I post this here because the incentives of academia and publishing make this even more invisible. My only hope is that enough of my fellow blogosphere gadflies can finally get the nudist colony of Emperors to wake up to the world outside the colony walls.

  3. I admit it, I skimmed! This – "But as John Quiggin observes, it’s unsound to prefer a second derivative extracted from a noisy signal to reasonable direct measurements." – I only sort of got.

    Sharing anyway. Keep hope alive.

    1. Mauna Loa measures concentration, say C. This goes up. The rate of increase is the first derivative, dC/dt: it reflects the percentage change in CO2 concentration over time. That's the first derivative. The IEA claim is that the increase (in energy and industrial emissions, leaving out land use) has decelerated: the first derivative is still positive but the second (dC2/dt2)has shrunk to zero. So far this slowdown is undetectable at Mauna Loa. But then it wouldn't be. I'm sorry I can't trace the Quiggin comment, which was a response in a discussion thread at his blog not a post.

      1. To my (shiny-obsessed) mind the question is what, if anything, the action in the second derivative means. Some people will cast it as an argument for business as usual — see, emissions are peaking and heading down without any massive centralized efforts. Others may see it as an argument against business as usual, insofar as we're not so clearly and obviously doomed as we thought we were.

        The PV roadmap thing made me think, though, of the amazingly misnamed Moore's Law. Everyone outside the semiconductor industry seemed to think (and I've been following this since the early 80s) that it was really some kind of inexorable law of increases in transistor capacity that somehow just happened. Whereas instead it was what we got from the maximum efforts of thousands up thousands of researchers, engineers, production technicians usw working their asses of to create and debug new processes.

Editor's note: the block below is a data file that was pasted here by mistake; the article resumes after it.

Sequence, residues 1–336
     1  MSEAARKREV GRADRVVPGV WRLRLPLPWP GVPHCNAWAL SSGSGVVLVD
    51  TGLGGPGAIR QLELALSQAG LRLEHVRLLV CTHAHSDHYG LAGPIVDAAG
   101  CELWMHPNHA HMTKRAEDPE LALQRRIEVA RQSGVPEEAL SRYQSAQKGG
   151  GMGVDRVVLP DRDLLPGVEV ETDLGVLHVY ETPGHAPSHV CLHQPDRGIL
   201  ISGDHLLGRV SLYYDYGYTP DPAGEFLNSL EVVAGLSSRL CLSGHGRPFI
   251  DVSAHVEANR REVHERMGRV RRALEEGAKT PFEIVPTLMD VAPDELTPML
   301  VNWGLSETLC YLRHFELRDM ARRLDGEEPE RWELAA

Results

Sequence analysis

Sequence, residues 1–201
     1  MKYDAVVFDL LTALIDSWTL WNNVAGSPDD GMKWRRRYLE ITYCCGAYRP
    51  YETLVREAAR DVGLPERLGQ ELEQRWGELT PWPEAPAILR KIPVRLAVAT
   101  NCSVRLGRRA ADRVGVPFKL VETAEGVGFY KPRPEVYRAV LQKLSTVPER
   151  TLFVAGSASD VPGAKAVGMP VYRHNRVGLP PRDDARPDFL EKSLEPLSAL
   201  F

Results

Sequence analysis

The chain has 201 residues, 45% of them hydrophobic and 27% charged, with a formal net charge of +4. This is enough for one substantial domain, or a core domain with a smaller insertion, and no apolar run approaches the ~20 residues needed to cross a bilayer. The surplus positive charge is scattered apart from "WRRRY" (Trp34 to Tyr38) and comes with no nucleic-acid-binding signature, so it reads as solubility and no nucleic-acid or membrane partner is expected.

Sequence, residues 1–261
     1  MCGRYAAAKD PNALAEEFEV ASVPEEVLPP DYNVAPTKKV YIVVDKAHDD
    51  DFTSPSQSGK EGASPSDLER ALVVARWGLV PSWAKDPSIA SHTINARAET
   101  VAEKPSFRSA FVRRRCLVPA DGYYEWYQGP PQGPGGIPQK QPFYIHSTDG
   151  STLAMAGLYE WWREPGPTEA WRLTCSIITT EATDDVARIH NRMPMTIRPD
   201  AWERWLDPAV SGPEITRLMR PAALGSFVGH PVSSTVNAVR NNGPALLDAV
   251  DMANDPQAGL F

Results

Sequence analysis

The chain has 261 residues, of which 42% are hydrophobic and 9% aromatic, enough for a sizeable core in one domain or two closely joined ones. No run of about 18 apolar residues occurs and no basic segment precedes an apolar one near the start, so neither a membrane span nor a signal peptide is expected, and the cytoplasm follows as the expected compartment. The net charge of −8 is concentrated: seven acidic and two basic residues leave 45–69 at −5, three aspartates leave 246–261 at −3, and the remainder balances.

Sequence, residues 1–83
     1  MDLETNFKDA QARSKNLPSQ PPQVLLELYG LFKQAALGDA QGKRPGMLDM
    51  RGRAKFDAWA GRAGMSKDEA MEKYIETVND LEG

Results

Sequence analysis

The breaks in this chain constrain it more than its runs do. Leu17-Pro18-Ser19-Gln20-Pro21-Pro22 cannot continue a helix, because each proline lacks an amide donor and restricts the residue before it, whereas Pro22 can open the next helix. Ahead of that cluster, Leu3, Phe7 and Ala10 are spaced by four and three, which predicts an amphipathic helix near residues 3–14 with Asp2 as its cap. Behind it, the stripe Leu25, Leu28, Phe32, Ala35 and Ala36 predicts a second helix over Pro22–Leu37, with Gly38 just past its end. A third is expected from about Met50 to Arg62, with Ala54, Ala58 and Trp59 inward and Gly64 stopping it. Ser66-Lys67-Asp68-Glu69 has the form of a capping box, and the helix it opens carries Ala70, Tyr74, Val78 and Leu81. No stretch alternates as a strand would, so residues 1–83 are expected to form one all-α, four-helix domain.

1. Yes. Learning rates can't simply be mysterious essences of a technology. They are in part herd agreements of a technical community about feasible goals. For a long time, Moore's Law was carried forward by the huge investment of Intel in new processes. As Intel's margins have come under pressure from the ARM ecosystem – it still apparently loses money on mobile processors and is under threat in servers – the pace is slowing down. Intel have abandoned the" tick-tock" cycle for a statelier three-stage cadence. It will take longer to get to 10nm from 14nm than previous jumps took. I doubt if this slowdown matters very much, as long as progress doesn't stop.